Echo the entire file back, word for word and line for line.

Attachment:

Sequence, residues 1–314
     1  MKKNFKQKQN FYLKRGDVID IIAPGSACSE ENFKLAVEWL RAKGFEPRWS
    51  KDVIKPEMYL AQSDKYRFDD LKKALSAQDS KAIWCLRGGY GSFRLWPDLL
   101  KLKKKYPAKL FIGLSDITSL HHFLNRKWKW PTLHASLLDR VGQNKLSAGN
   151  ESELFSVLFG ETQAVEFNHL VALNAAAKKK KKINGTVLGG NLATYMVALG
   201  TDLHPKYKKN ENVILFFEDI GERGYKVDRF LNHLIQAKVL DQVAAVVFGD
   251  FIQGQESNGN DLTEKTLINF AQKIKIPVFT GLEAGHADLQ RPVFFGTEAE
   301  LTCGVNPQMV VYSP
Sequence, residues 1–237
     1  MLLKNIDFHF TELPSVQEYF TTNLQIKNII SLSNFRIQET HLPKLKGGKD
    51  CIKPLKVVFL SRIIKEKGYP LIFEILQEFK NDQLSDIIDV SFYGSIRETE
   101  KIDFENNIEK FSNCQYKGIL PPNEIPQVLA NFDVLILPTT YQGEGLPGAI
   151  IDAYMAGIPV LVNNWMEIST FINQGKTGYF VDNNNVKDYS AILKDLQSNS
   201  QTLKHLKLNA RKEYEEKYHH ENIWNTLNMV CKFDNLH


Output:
Sequence, residues 1–314
     1  MKKNFKQKQN FYLKRGDVID IIAPGSACSE ENFKLAVEWL RAKGFEPRWS
    51  KDVIKPEMYL AQSDKYRFDD LKKALSAQDS KAIWCLRGGY GSFRLWPDLL
   101  KLKKKYPAKL FIGLSDITSL HHFLNRKWKW PTLHASLLDR VGQNKLSAGN
   151  ESELFSVLFG ETQAVEFNHL VALNAAAKKK KKINGTVLGG NLATYMVALG
   201  TDLHPKYKKN ENVILFFEDI GERGYKVDRF LNHLIQAKVL DQVAAVVFGD
   251  FIQGQESNGN DLTEKTLINF AQKIKIPVFT GLEAGHADLQ RPVFFGTEAE
   301  LTCGVNPQMV VYSP
Sequence, residues 1–237
     1  MLLKNIDFHF TELPSVQEYF TTNLQIKNII SLSNFRIQET HLPKLKGGKD
    51  CIKPLKVVFL SRIIKEKGYP LIFEILQEFK NDQLSDIIDV SFYGSIRETE
   101  KIDFENNIEK FSNCQYKGIL PPNEIPQVLA NFDVLILPTT YQGEGLPGAI
   151  IDAYMAGIPV LVNNWMEIST FINQGKTGYF VDNNNVKDYS AILKDLQSNS
   201  QTLKHLKLNA RKEYEEKYHH ENIWNTLNMV CKFDNLH